2.14.2011

Marketing Mondays: A Contract I Didn't Sign

1.
This is not the dining room in which my work was placed. I have blurred the image of a perfectly good painting in a perfectly good dining room to illustrate the point of my story  (Image from the Internet)


Today's post follows last week's MM on the topic of contracts. This one's personal, pointing up the importance of not signing a contract unless and until we are comfortable with what we are signing. It also  reminds us that not every bit of visibility for us is necessarily helpful. I hope you'll share your similar stories here, along with any advice you have to offer about your situation. Here's my story:

A few months ago I got an e-request from a producer’s assistant to have my work included in a TV program about home design. “Your work is integral to the dining room, where it is placed, and we’d like your permission to shoot it,” said the production manager.

“Lovely. Send me a contract,” I replied.

Here’s what the contract required me to agree to: “To use and authorize others to use, including by assignment of this agreement, the Property as so incorporated in the Production in the distribution, sale, licensing, marketing, advertising, promotion, publication, exhibition and other exploitation of the Production and other film or video productions in all markets and media (whether now known or hereafter developed), throughout the universe, in perpetuity.”

In other words, they wanted free rein to use the image of my work as they wished. And what they were willing to offer me? Nothing. Nada. Bupkus. No payment, not even credit as the artist.  I don’t have to get paid—the feature was on someone's interior design work, with my painting part of the environment she'd created—but I do have to be credited. “It’s not our policy,” said the production manager. Well, it’s not my policy to sign away rights ‘throughout the universe, in perpetuity.’

I asked the production manager: “What exactly does that mean, “throughout the universe in perpetuity.” She emailed back: “It means forever.” I laughed out loud, reminded of the time I asked a waitress, “What’s the soup du jour?” and she came back with, “It’s the soup of the day.”

Pressing her, I found out it means the production company would have the right to show the program and repeat it at will; put the content into a new form—a compilation, for instance; or into an as-yet untried medium, such as a holographic broadcast; and, apparently, to broadcast the program to Neptune in an endless loop of home decorating tips.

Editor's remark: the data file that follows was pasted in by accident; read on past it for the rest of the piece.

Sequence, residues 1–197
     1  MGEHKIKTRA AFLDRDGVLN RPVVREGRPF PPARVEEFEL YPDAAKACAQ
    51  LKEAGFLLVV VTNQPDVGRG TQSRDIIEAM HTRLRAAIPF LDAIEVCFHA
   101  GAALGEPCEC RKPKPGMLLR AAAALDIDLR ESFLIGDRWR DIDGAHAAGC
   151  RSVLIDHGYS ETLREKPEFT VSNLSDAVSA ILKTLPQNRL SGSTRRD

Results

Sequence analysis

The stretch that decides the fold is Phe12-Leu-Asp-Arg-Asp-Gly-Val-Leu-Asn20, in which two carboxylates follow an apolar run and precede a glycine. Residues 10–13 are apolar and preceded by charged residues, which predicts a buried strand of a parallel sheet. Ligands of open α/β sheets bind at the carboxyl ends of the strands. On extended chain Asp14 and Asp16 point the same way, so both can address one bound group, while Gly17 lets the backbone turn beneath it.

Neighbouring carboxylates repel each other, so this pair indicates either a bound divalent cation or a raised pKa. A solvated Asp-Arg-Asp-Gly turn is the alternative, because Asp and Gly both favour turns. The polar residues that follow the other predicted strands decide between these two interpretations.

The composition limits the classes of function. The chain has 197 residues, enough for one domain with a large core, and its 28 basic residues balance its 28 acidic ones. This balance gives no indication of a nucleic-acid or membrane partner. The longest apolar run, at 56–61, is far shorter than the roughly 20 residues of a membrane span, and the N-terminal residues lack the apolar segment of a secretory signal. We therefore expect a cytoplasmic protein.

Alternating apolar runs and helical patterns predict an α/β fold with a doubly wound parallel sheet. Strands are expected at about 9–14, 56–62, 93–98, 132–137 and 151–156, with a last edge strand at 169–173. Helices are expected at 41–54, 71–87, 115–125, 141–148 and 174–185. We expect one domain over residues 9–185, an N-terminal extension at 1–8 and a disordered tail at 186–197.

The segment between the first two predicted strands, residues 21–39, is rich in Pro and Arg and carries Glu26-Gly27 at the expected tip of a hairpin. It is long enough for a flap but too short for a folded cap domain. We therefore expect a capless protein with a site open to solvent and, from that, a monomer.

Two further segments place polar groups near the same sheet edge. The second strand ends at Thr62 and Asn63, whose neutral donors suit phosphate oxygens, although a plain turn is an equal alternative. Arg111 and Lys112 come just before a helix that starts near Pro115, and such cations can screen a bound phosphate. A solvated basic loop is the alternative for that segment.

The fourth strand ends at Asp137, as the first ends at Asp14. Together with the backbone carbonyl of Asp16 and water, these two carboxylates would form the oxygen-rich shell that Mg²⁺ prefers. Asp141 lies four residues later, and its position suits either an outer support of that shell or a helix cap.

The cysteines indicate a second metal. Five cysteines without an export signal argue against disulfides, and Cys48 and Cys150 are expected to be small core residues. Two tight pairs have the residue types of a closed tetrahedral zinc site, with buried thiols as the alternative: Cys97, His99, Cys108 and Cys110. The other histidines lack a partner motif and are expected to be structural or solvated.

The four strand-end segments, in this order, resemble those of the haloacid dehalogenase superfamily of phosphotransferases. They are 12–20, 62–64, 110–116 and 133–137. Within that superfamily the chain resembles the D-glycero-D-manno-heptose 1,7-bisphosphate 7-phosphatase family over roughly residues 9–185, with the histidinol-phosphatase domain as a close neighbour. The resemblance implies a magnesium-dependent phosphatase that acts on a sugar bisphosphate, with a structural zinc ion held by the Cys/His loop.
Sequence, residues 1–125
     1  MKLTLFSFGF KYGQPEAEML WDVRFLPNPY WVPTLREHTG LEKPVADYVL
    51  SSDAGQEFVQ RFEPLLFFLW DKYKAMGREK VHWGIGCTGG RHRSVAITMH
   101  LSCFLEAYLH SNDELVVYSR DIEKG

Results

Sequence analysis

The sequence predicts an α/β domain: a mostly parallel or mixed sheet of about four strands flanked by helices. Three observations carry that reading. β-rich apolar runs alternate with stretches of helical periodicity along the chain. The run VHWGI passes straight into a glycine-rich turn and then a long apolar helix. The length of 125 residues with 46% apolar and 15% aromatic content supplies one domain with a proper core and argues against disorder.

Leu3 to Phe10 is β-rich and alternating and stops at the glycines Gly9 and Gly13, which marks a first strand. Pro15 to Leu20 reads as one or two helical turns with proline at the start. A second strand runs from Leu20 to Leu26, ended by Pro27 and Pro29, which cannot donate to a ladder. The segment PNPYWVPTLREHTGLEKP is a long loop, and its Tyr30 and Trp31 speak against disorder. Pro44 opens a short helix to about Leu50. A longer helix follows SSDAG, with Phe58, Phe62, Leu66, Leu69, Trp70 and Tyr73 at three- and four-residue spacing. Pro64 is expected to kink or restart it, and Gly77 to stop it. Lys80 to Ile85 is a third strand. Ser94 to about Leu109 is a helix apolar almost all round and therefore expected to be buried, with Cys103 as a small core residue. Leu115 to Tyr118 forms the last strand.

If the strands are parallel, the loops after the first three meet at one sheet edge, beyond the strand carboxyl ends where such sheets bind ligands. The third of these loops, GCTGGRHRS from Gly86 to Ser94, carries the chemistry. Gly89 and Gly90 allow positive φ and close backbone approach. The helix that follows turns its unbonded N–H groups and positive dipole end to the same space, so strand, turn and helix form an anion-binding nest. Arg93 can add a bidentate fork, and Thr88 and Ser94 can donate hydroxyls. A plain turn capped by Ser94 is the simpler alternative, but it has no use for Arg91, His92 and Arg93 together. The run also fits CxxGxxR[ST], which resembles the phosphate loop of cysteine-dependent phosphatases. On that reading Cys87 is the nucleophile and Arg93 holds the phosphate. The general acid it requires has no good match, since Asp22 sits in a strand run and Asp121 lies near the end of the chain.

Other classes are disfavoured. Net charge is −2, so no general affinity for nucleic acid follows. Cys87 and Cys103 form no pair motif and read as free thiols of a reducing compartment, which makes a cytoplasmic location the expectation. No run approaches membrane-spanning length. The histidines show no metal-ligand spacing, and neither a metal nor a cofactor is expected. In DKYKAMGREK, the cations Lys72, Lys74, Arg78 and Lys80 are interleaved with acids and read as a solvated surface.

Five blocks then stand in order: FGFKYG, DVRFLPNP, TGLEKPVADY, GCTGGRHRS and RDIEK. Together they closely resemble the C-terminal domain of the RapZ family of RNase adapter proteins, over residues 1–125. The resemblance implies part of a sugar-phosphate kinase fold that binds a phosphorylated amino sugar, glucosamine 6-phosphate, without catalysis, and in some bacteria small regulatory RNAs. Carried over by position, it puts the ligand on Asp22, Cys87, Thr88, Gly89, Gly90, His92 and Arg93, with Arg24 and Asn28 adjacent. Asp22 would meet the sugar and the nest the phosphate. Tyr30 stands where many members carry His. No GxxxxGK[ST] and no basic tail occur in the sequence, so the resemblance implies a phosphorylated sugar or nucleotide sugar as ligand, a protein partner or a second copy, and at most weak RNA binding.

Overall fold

“I want credit as the artist,” I said.

“It’s not in the contract. But your work is essential to the shoot, so we’d love you to sign the contract.”

“If it’s essential, I want credit.”

Back and forth, the bottom line being that if they don’t get my permission, they will shoot the room and blur the image of my work. “So blur it,” I replied. “But it’s essential to the show,” said the production assistant. You can see where this was going. I stopped responding.

Then came the call. “We’re going to include your name in the show credits.”

“Fine, send me a contract with that detail spelled out," I replied, adding, "and if you can do it for me, you can do it for other artists.”

The contract came. Here’s what they added, italics mine:  “In consideration of Licensor’s compliance with this agreement and subject to broadcaster approval, Licensor will receive credit in the end credits of the episode(s) in which Producer uses the Property in the form of  “title of work” [I would supply the specific information] dining room painting by Joanne Mattera”, the size and placement of such credit to be at Producer's sole discretion.

Give me a break. I’m no lawyer but even I can see the hole big enough to drive a truck through. They offer me a contract that credits me and my work, but they also give the broadcaster the right to rescind the agreement and the producer the right to put it in the teeniest point size possible in, say, black type on a black ground. This is what you call chutzpah, faccia tosta, balls, no shame. Under duress you offer credit but it comes with more strings than a puppet. No thanks.